Imagine this: You’re in the midst of a five-day road trip through middle America. As the sun sets and your eyes get droopy, you realize you better stop for the night.
Unfortunately, finding a place for your respite isn’t as easy as you’d hoped. Motels flash “No Vacancy” at every truck stop and small town, mocking your exhaustion and forcing you to move on.
Panic sets in. What are you going to do? You know you’re too tired to keep driving. Where will you sleep?
Should You Sleep in the Car?
The obvious answer flashes through your mind: Should I sleep in the car?
As you ponder the dilemma, questions course through your brain. What will you do for a bathroom? Is it even safe? Where should I pull over?
Relax. Sleeping in your car during a road trip isn’t the end of the world. In fact, there are so many plusses to sleeping in your car on a road trip that some folks don’t even plan for hotels!
Of course, there are obvious limitations as well. Here’s everything you need to know about sleeping in the car on your road trip, so you’re prepared for whatever your next adventure brings.
How Do You Sleep In Your Car on a Road Trip?
Car camping doesn’t have to be difficult. However, there are a few critical questions to consider before embarking on this type of adventure.
First and foremost, you need to consider safety. Cars are easy targets for break-ins, and nefarious actors may be lurking in dark, abandoned places.
Next, you need to consider comfort. A bed is obviously more comfortable than a car, but if you plan ahead and bring enough gear, you will barely notice the difference.
Here are all the pros and cons of sleeping in your car on a road trip and the best tips for enjoying the experience.
Pros and Cons of Car Camping During Your Road Trip
Pro: Save a Ton of Money
With increased gas prices, you may be looking to save cash wherever you can on your road trip. Even subpar motels charge $100-150 per night, a cost that can quickly eat away at your budget.
You can avoid this altogether if you sleep in the car.
Most of the time, you can find a free place to sleep in your car overnight. If you have a tight budget but still want an epic adventure, consider spending your nights in the car rather than paying for a room.
A middle-of-the-road option is to sleep in your car at a campground. Small campsites are typically cheaper than motels and offer an additional layer of security.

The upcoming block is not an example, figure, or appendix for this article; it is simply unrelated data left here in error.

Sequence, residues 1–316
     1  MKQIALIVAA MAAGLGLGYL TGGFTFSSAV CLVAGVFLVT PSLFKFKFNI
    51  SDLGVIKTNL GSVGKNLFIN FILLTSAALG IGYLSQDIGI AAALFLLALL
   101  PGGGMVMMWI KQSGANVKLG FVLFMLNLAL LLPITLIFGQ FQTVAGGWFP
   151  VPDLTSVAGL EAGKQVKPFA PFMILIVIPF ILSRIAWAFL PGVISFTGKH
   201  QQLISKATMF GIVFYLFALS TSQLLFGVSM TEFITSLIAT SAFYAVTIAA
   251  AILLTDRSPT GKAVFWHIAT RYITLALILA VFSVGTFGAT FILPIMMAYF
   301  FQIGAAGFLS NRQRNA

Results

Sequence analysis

Con: Is it Safe to Sleep in a Car?
The biggest challenge to sleeping in your car is finding a safe, legal parking place. Although campgrounds specifically designed for sleeping are the safest option, sometimes even those are beyond our budgets.
It’s completely safe to sleep in your car if you stay in the right places. Here’s what to look for when deciding where to stop for the night.
Car Camping at Truck Stops
Most truck stops allow overnight parking, which is common if you are on the federal interstate system (USA). Check out this handy guide for truck stops on your route so you can pre-plan where you will stay.
Opt for a truck stop that’s open for 24 hours, and park in an open area of the lot that’s easy to see from the front. With constant traffic overnight and a line of sight to the front door, you’re unlikely to be bothered.
Sleeping in the Car at Walmart
Finding free places can become tricky if you travel on state routes and back roads. Fortunately, most Walmart stores in rural areas allow overnight parking.
Walmart prefers overnight campers to park in the rear of their stores. You will often see RVs and trailers parked in that area as other weary travelers bunker down in the lot for the night.
If you’re in a sedan or SUV, you can get away with parking closer to the door. Make sure you park closer to the store than the big vans and trailers. Although most people wouldn’t bother you, you want to be sure you can escape into the store in case of an emergency.
No Walmarts or Truckstops
Walmart stores with overnight parking and truck stops are the safest places to sleep in your car, because there are often others doing the exact same thing. Sometimes there are no Walmarts or truck stops available.
If you’re in a pinch, you can sleep on roads with residential parking or in other parking lots with many cars. These are the least safe options, and often police or security will force you to move along if they see you.
However, if you’re too tired to safely drive, sometimes you have to do what you have to do.
Sleeping Safely in Hotel Parking Lots or on the Street
Many hotels and residential areas frown upon car sleepers. Nicer hotels take down license plates to prevent it, while many residential areas strictly enforce permit parking.
Avoiding detection is key to safely sleeping in a hotel parking lot or residential neighborhood. Opt for middle-class neighborhoods without permits and big name chain motels with large lots. Avoid fancy hotels, as they will likely ask for license plates and patrol the parking area.
Keep a low profile and try your best to make it look like no one is in the car. Wake up early and move out before any guests or nosey neighbors can spot you. Another tip is to ensure your car blends in. Don’t park your beater amongst a sea of luxury cars. That’s a surefire way for someone to complain.
Remember that even if you’re discovered, the worst thing someone can do is try to tow you. They will generally just ask you to move if you are in the car.
Please note that car sleeping is illegal in some places. Be sure to follow the local laws. If asked to leave, leave without an argument.
Although sleeping in a residential area or hotel parking lot isn’t ideal, it’s doable in a pinch. You’ll likely go undetected if you park near other cars and keep a low profile.
Car Camping at Rest-Stops
Rest stops have a bad reputation. In the 80s, many rest areas transformed into nefarious places at night. Although that was a long time ago, and rest areas are typically safer nowadays, they are still a last resort option, especially for solo travelers.